There is, however, one typological distinction that underlies this article: the division between the sacred and the secular. The search for truth through dialogue, it appears, is limited to the religious among us. Cardinal Ratzinger does not as much as mention the founders and practitioners of such modern secular disciplines as astronomy, cosmology, anthropology, evolutionary biology, sociology, and geopolitics, each of which has implications for an understanding of human history. In fact, by his reprimand of liberation theologians, he appears to show his distaste for any theology that attempts to accommodate secular thought.
In sum, the former cardinal and now pope, gives us a theology of history. The events of which history is composed are not be interpreted using secular historiographic methods; they must be understood with reference to God.
An alternative to Cardinal Ratzinger’s thought on these matters is to approach them from the point of view of the history of religions, considered as a Wissenschaft, a way of knowing. This discipline is, in Max Weber’s word, wertfrei, value-free, neutral. One need not be a Christian to study Christianity, a Jew to study Judaism, etc. And one need not be a believer and practitioner to study one or all of the religions. In fact, the history of religions distrusts reifications such as “Christianity” or “Judaism,” both as normative concepts and as descriptive categories; one looks primarily at specific data, using religious texts, anthropological reports, and the like.
Does this discipline assume, or lead to, the cardinal’s bete noire, relativism? Or does it allow a place for normative judgments? Though I may be in the minority on this point, I affirm the latter. To the degree that religious truth can be found in time and history, it is, as Pope Benedict XVI has said, through dialogue.(see my book, The Architecture of Religion, chapter 4).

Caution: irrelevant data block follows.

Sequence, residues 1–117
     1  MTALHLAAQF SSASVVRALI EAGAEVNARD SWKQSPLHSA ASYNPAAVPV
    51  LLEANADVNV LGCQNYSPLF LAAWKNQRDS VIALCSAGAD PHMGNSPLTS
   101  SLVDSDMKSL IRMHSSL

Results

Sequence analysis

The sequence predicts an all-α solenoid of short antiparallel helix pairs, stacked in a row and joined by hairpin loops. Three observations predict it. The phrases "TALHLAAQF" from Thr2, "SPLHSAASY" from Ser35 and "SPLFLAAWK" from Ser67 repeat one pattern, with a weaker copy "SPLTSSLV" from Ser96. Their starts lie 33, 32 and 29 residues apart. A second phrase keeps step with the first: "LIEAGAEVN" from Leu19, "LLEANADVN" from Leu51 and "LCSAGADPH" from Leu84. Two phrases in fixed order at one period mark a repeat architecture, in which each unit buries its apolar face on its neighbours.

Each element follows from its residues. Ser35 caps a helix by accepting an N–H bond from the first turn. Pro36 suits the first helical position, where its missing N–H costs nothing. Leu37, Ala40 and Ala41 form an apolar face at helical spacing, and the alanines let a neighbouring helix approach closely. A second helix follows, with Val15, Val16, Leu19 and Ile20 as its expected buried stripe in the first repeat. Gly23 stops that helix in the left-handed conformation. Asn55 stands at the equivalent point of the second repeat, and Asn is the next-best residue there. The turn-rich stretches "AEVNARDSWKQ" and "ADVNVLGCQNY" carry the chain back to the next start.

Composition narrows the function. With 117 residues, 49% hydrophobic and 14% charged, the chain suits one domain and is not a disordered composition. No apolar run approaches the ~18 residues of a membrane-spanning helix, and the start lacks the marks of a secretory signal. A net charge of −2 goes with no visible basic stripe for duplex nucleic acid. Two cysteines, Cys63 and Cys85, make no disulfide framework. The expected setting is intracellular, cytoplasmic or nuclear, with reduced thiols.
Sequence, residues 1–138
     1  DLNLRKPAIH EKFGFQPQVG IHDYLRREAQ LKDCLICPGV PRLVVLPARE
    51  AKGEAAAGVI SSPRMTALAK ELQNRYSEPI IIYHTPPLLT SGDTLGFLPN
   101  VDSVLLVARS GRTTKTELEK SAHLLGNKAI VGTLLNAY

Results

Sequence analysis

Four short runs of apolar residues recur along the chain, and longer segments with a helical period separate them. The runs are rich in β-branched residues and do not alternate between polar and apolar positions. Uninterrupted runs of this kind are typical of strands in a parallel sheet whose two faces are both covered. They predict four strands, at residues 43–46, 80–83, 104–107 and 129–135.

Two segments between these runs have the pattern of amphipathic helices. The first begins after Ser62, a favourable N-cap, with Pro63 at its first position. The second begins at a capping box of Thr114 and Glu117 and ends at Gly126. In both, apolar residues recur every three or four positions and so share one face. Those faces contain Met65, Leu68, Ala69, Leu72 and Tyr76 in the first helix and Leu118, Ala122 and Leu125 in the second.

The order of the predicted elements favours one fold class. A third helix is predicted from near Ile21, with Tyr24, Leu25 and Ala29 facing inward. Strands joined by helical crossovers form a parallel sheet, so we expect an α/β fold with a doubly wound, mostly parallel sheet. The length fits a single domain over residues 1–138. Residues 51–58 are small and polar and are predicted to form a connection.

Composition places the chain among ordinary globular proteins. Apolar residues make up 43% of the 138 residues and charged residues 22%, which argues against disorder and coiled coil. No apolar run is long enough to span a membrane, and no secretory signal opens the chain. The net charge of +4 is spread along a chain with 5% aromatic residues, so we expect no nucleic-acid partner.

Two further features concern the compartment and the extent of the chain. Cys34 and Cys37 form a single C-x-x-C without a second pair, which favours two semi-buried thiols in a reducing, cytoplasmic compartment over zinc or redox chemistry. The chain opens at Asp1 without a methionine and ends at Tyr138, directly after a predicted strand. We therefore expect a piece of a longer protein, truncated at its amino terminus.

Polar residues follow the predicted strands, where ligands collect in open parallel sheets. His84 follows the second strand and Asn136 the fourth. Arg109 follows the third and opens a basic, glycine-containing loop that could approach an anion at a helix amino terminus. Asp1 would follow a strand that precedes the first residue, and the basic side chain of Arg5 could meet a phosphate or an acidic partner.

A brief word about my novel, Benedict XVI. It is certainly not a prescient work; the title itself is a quirk of history to which no metaphysical meaning should be ascribed. I conceived it as a picaresque tale, a satirical novel that takes a “picaro,” a rogue playing the part of a comic hero of low estate, through risible circumstances under the formula “local boy makes good.” Con man Benny Good, an Amish foundling, sets out after his excommunication from the Amish community and becomes, in succession, a novice evangelist, an overland trucker, and a radio talk show host, at which point he is discovered by a talent agent with her eyes on the holdings of the Catholic Church. Using her brain trust and state-of-the-art political cunning, she reinvents him and grooms him for the papacy.
What is the significance of this story?
To say that it is a comedy is not to say that it lacks significance, that it is not serious. No less a writer than Hannah Arendt approves of Berthold Brecht’s observation that comedy deals with human suffering in a more serious way than does tragedy. One may venture further and suggest that comedy is akin to the various salvations offered by the religions. And to say that Benedict XVI is a satire is not to say that it is mean-spirited. While the Roman poet Juvenal scorned human defects, his countryman Horace gently mocked them. One may add that whichever method is used to make the point, the purpose of satire can be a moral instruction that is akin to that offered by the religions.
1 The latter clause is made clear in Cardinal Ratzinger’s 2000 Preface to the new German edition of his earlier book, Introduction to Christianity, which contains a long critique of Marxism and Latin America’s theology of liberation.
2 In The Architecture of Religion (1984), which sets forth my general theory of religion, “God” is not a major category. But in An Interpretation of Religion (1989), John Hick holds that every religion is, at bottom, theistic.